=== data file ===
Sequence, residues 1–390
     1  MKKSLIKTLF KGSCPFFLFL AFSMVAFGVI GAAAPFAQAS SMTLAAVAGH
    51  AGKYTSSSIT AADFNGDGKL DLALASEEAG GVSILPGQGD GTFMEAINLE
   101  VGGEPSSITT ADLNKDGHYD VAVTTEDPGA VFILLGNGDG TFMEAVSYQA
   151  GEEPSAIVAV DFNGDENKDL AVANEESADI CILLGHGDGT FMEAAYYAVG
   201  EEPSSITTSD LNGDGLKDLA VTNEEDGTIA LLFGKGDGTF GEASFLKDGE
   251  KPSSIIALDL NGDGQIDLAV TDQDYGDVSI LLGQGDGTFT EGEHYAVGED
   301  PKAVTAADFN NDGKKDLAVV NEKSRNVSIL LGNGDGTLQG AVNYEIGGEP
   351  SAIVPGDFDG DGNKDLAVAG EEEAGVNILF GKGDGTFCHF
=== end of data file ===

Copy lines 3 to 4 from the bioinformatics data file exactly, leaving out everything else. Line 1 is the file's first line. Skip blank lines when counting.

    51  AGKYTSSSIT AADFNGDGKL DLALASEEAG GVSILPGQGD GTFMEAINLE
   101  VGGEPSSITT ADLNKDGHYD VAVTTEDPGA VFILLGNGDG TFMEAVSYQA